Only a writer of Sally Wainwright’s audacious talent would dare reintroduce her unsettling masterpiece 19 months after it was last on our screens by sharing a humorous yet horrific yarn about bludgeoning a sheep to death while a witness makes a everyone a cuppa.
It works perfectly, of course; instantly re-establishing the distinctive blend of bucolic familiarity and sudden, sickening violence that made the first series of Happy Valley one of the most unwatchable yet unmissable shows of 2014, scoring a slew of awards along the way.
It’s 18 months after acerbic Sergeant Catherine Cawood sent her daughter’s alleged rapist, Tommy Lee Royce (a powerfully unhinged James Norton), back behind bars, but her troubles are far from over. As sure as night follows day, that story of sheep rustling, “North Halifax-style”, quickly leads to the discovery of an abused and mutilated body with links to Catherine’s old nemesis, putting her immediately in the frame for the woman’s murder.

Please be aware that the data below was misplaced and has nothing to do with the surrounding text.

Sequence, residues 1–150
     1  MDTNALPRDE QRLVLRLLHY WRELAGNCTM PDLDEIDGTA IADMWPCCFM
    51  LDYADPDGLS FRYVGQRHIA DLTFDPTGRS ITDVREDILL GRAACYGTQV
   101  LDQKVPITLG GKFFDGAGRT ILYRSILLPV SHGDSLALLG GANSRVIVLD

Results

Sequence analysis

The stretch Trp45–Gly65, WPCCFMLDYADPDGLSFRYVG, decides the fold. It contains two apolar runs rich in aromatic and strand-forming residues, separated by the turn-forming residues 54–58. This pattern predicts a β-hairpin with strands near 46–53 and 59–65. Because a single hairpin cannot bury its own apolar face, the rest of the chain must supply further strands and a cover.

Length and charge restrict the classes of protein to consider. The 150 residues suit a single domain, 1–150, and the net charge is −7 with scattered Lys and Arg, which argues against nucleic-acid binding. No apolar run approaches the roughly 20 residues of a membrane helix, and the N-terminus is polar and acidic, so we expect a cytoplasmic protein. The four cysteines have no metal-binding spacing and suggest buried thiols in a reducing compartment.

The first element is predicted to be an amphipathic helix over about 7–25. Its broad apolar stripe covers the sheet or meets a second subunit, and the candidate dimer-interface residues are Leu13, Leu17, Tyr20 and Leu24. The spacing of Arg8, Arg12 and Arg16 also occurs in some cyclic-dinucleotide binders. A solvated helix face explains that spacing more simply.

The first episode is bursting with tantalizing plot threads, bringing a flood of familiar faces to the twisted West Yorkshire town. Downton Abbey’s Kevin day has essentially replaced Steve Pemberton in the role of ordinary bloke trapped in a bind of his own making, playing cheating detective John Wadsworth, who’s struggling to ditch his vengeful ex-lover (played with seething relish by Scott & Bailey’s Amelia Bullmore). Former Corrie stars Julie Hesmondhalgh and Katherine Kelly also arrive as John’s worried wife and stern colleague respectively, while Shirely Henderson and Matthew Lewis (both of Harry Potter fame) are suitably creepy in their brief appearances here.
But it’s Sarah Lancashire and her captivating, complex performance as Catherine that continues to standout. As an imposing yet compassionate copper with a reckless tendency to act on impulse, Lancashire’s Catherine is the rarest of things: a strong, complicated hero who just so happens to be a female. Here’s hoping she doesn’t remain a rarity for much longer.
Click here to watch Happy Valley on BBC iPlayer